Quantcast

Climate Disasters Now Happening Weekly, UN Official Warns

Climate
A woman in Macomia, northern Mozambique assesses the damage after a baobab tree slammed into her home during Cyclone Kenneth on April 28. EMIDIO JOZINE / AFP / Getty Images

By Jessica Corbett

A "staggering" new warning from a top United Nations official that climate crisis-related disasters are now occurring at the rate of one per week, with developing nations disproportionately at risk, provoked calls for immediate global action to combat the human-caused climate emergency.



The warning came in an interview with The Guardian, which reported Sunday:

Catastrophes such as cyclones Idai and Kenneth in Mozambique and the drought afflicting India make headlines around the world. But large numbers of "lower impact events" that are causing death, displacement, and suffering are occurring much faster than predicted, said Mami Mizutori, the U.N. secretary-general's special representative on disaster risk reduction. "This is not about the future, this is about today."
This means that adapting to the climate crisis could no longer be seen as a long-term problem, but one that needed investment now, she said. "People need to talk more about adaptation and resilience."

"We talk about a climate emergency and a climate crisis, but if we cannot confront this [issue of adapting to the effects] we will not survive," Mizutori added. "We need to look at the risks of not investing in resilience."

The estimated annual cost of climate-related disasters is $520 billion, the newspaper noted, "while the additional cost of building infrastructure that is resistant to the effects of global heating is only about 3 percent, or $2.7 trillion in total over the next 20 years."

"This is not a lot of money [in the context of infrastructure spending], but investors have not been doing enough," said Mizutori. "Resilience needs to become a commodity that people will pay for."

Mizutori said that improving the systems that warn the public of severe weather and expanding awareness of which places and people are most vulnerable could help prevent lower impact disasters. She noted that while urgent work is needed to prepare the developing world, richer countries are also experiencing the consequences of global heating — including devastating wildfires and dangerous heatwaves.

The adaption measures Mizutori called for include raising — and enforcing — infrastructure standards to make houses and businesses, roads and railways, and energy and water systems more capable of withstanding the impacts of the warming world, which scientists warn will increasing mean more frequent and intense extreme weather events. She also highlighted the potential of "nature-based solutions."

Peter Strachan — a professor and expert on energy policy, environmental management and energy transitions at the UK's Robert Gordon University — called the report "staggering" and alerted several environmental and climate advocacy groups on Twitter.

Sharing The Guardian's article on Twitter, the U.S.-based youth-led Sunrise Movement declared: "This is an emergency. We need political leadership that acts like it."

"This is why it's so offensive to talk about climate impacting 'our children/grandchildren,'" tweeted War on Want executive director Asad Rehman, referencing a common talking point among U.S., European and UN leaders. "Do people of global South facing disaster every week not deserve the right to life? The answer from rich countries and those who call for net zero by 2050 is a big No."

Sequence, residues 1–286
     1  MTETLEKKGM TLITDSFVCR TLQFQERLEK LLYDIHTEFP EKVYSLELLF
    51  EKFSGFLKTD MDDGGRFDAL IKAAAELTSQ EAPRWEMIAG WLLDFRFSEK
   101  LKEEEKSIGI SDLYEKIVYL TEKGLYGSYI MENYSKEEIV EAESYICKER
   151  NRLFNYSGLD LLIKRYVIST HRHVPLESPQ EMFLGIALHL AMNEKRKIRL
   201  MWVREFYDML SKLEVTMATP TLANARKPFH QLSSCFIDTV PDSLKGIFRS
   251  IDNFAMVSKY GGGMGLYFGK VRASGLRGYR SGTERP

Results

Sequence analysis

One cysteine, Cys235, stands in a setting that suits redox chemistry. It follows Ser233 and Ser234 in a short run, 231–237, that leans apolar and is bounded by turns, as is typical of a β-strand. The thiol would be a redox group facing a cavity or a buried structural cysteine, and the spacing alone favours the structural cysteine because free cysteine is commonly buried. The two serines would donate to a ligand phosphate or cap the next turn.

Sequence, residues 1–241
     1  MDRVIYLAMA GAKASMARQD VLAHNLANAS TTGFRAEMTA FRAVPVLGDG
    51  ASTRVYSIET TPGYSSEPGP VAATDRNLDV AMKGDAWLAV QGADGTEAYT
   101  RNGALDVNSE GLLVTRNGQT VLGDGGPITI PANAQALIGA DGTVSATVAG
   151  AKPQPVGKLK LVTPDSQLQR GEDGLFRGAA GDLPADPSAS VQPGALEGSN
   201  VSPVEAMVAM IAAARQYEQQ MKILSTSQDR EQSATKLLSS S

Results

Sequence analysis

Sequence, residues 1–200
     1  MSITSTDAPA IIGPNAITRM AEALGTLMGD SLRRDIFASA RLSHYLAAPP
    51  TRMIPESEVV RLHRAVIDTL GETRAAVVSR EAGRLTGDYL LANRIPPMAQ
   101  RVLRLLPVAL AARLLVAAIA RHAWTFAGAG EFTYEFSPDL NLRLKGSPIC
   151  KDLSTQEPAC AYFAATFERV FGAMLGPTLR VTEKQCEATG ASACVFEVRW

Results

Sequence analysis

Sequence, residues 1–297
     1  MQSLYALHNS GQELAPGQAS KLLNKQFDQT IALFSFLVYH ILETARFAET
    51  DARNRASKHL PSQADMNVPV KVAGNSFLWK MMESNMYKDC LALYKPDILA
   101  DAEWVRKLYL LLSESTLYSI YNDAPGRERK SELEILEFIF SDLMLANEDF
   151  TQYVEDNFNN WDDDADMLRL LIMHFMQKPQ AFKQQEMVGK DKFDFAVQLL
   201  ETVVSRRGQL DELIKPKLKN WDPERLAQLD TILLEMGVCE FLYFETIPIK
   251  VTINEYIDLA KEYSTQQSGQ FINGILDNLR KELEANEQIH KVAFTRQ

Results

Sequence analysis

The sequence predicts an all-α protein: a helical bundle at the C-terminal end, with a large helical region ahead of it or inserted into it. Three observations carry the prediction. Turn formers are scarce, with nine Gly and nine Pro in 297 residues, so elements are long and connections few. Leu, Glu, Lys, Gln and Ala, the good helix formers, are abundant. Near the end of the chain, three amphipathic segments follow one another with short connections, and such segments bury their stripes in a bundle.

Reposted with permission from our media associate Common Dreams.

EcoWatch Daily Newsletter

Pexels

By Marlene Cimons

Scientist Aaswath Raman long has been keen on discovering new sources of clean energy by creating novel materials that can make use of heat and light.

Read More Show Less
Pexels

By SaVanna Shoemaker, MS, RDN, LD

The aloe vera plant is a succulent that stores water in its leaves in the form of a gel.

Read More Show Less
Sponsored
Attendees seen at the Inaugural Indigenous Peoples Day Celebration at Los Angeles Grand Park on Oct. 8, 2018 in Los Angeles. Chelsea Guglielmino / Getty Images

By Malinda Maynor Lowery

Increasingly, Columbus Day is giving people pause.

Read More Show Less
Westend61 / Getty Images

By Brianna Elliott, RD

Hunger is your body's natural cue that it needs more food.

Read More Show Less
Young activists and their supporters rally for action on climate change on Sept. 20 in New York City. Drew Angerer / Getty Images

By Jeff Turrentine

More than 58 million people currently living in the U.S. — 17 percent of the population — are of Latin-American descent. By 2065 that percentage is expected to rise to nearly a quarter. Hardly a monolith, this diverse group includes people with roots in dozens of countries; they or their ancestors might have arrived here at any point between the 1500s and today. They differ culturally, linguistically and politically.

Read More Show Less
Sponsored
Thu Thai Thanh / EyeEm / Getty Images

By Jillian Kubala, MS, RD

Commonly consumed vegetables, such as spinach, lettuce, peppers, carrots, and cabbage, provide abundant nutrients and flavors. It's no wonder that they're among the most popular varieties worldwide.

Read More Show Less
Petrochemical facilities in the Houston ship channel. Roy Luck / CC BY 2.0

By Tara Lohan

Prigi Arisandi, who founded the environmental group Ecological Observation and Wetlands Conservation, picks through a heap of worn plastic packaging in Mojokerto, Indonesia. Reading the labels, he calls out where the trash originated: the United States, Australia, New Zealand, United Kingdom, Canada. The logos range from Nestlé to Bob's Red Mill, Starbucks to Dunkin Donuts.

The trash of rich nations has become the burden of poorer countries.

Read More Show Less
Pixabay

By Lisa Wartenberg, MFA, RD, LD

Caffeine's popularity as a natural stimulant is unparalleled.

Read More Show Less